March 1, 2019
"But if you can create an honorable livelihood, where you take your skills and use them and you earn a living from it, it gives you a sense of freedom and allows you to balance your life the way you want." - Anita Roddick
The Joint Finance and Appropriations Committee voted unanimously to fund Medicaid expansion this week. The appropriations bill only funds a clean Medicaid expansion and is a huge step towards implementing the voter-approved initiative. It will now need to be passed by the House and the Senate. Currently, the Legislature has not introduced any new bills that would add any sideboards that should be approved and funded separately. There are some rumblings about a bill that would require Medicaid expansion recipients to meet employment requirements similar to those for the state's food assistance program.
Minimum Teacher Salary Bill
The House overwhelmingly voted in favor of HB 153, which would increase teacher pay up to $40,000 over the next two years. To date, Idaho struggles to have enough qualified teachers for our school districts and there is a decreasing number of students going through our teaching programs. This legislation is aimed at remedying this shortage and would make a huge difference for teachers just starting out. The bill would set minimum salaries, but districts and charters would continue to negotiate and set salaries at the local level.
The House Judiciary Committee voted on Wednesday 13-4 to send HB 99 to the House floor. The purpose of the bill is to ease some mandatory minimum drug sentences. Since 1992, Idaho has assigned mandatory minimum prison terms for drug trafficking, characterized by the possession of certain amounts of specific drugs. The bill does not repeal suggested minimum sentences or decriminalize drugs. Rather, it would get rid of the word "mandatory" and would give judges some discretion in sentencing terms. This means instead of sentencing someone who is 24 years of age and struggling with drug addiction to a decade in prison, judges would be able to sentence drug offenders on a case by case basis and consider rehabilitation.
The Senate passed SB1113 earlier this week aimed at bringing more transparency, openness, sunshine, and confidence into elections in Idaho, including local ones. If the bill becomes law, it puts all campaign finance reporting, from all levels of government into a central, searchable database maintained by Idaho's Secretary of State. Local campaigns would now have to report only once they've raised or spent $500. Other reforms include immediate fines of $50 per day for those who don't submit reports on time and more frequent reporting, with monthly reports required for the four months before a primary or general election. I cautioned in committee that this new system should allow local governments time to transition before giving out immediate fines.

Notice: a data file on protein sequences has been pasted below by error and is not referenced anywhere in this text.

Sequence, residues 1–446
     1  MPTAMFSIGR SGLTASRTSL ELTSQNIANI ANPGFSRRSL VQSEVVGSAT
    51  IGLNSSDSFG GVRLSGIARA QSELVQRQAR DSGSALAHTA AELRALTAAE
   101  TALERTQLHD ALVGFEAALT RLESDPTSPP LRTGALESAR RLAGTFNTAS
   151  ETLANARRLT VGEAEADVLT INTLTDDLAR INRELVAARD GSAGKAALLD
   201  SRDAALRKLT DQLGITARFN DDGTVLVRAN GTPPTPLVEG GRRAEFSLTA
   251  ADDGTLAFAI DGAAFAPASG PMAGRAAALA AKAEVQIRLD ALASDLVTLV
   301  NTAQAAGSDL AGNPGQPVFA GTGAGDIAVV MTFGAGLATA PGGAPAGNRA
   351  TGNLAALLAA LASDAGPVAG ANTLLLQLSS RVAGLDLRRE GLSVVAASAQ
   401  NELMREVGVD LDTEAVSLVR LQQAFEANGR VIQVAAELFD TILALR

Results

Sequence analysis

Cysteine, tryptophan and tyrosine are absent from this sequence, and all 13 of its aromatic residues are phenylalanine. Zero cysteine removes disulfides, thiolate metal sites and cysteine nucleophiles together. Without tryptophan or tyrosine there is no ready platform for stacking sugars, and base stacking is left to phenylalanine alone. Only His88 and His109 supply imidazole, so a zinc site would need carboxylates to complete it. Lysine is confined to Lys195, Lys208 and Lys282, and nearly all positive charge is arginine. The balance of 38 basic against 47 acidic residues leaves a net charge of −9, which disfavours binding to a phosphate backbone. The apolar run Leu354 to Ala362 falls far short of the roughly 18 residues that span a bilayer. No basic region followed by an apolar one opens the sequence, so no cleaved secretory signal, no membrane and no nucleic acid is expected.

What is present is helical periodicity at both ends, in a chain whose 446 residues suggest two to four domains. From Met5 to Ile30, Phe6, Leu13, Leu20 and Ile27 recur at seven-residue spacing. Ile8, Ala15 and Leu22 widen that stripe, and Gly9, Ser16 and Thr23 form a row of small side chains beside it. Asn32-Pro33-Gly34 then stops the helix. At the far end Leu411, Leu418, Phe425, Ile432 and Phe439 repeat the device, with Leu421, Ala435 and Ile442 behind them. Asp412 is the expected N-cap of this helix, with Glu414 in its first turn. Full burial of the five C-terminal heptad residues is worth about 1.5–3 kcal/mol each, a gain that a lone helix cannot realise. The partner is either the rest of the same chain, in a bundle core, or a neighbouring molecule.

This week three bills were introduced that threaten public lands. HJM 5, calls on Congress to pass a law asking for federal lands to be sold in the same county when the government buys private land. The idea is to keep rural counties' private property tax bases similarly sized. HJM 8, calls on Congress to release certain wilderness study areas back to the multiple-use wilderness. In 1991, federal officials deemed a little more than 825,000 acres of wilderness study areas in Idaho were not suitable for designated wilderness areas and about 540,00 acres are still classified as wilderness study. Wilderness study refers to federal land that remains untouched and undeveloped, without permanent improvements or human habitation.
HB 162 would create a legislative council on federal land issues. The Council would "monitor and review" economic, legal, and jurisdictional issues regarding federal lands and their management. However, these issues are already worked on by the multiple state agencies including the Governor's office, Idaho Land Board, Office of Species Conservation, Department of Transportation, the Attorney General, IDFG Commission, Tax Commission, Interim Committee on Natural Resources, Economic Advisory Council of the Department of Commerce, and the Department of Environmental Quality. The Council would be redundant, add an extra layer of government, not have any real power, and would also waste taxpayers' dollars.
A huge thank you to everyone that showed up to our town halls last weekend. Attendance was fantastic and we were happy to see so many people engaged!